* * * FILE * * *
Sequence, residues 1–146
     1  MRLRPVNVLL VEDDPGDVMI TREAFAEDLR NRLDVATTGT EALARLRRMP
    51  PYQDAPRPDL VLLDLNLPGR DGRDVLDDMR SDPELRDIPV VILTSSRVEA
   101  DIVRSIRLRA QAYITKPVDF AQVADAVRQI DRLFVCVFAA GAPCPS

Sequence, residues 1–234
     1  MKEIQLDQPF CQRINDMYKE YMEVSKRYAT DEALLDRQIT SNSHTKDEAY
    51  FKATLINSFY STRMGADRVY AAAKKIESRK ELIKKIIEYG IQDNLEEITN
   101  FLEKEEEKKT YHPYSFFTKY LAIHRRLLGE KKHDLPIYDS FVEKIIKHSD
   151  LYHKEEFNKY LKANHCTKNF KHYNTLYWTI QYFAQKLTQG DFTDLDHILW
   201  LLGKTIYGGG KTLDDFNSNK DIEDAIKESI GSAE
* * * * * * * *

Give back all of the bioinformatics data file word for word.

Sequence, residues 1–146
     1  MRLRPVNVLL VEDDPGDVMI TREAFAEDLR NRLDVATTGT EALARLRRMP
    51  PYQDAPRPDL VLLDLNLPGR DGRDVLDDMR SDPELRDIPV VILTSSRVEA
   101  DIVRSIRLRA QAYITKPVDF AQVADAVRQI DRLFVCVFAA GAPCPS

Sequence, residues 1–234
     1  MKEIQLDQPF CQRINDMYKE YMEVSKRYAT DEALLDRQIT SNSHTKDEAY
    51  FKATLINSFY STRMGADRVY AAAKKIESRK ELIKKIIEYG IQDNLEEITN
   101  FLEKEEEKKT YHPYSFFTKY LAIHRRLLGE KKHDLPIYDS FVEKIIKHSD
   151  LYHKEEFNKY LKANHCTKNF KHYNTLYWTI QYFAQKLTQG DFTDLDHILW
   201  LLGKTIYGGG KTLDDFNSNK DIEDAIKESI GSAE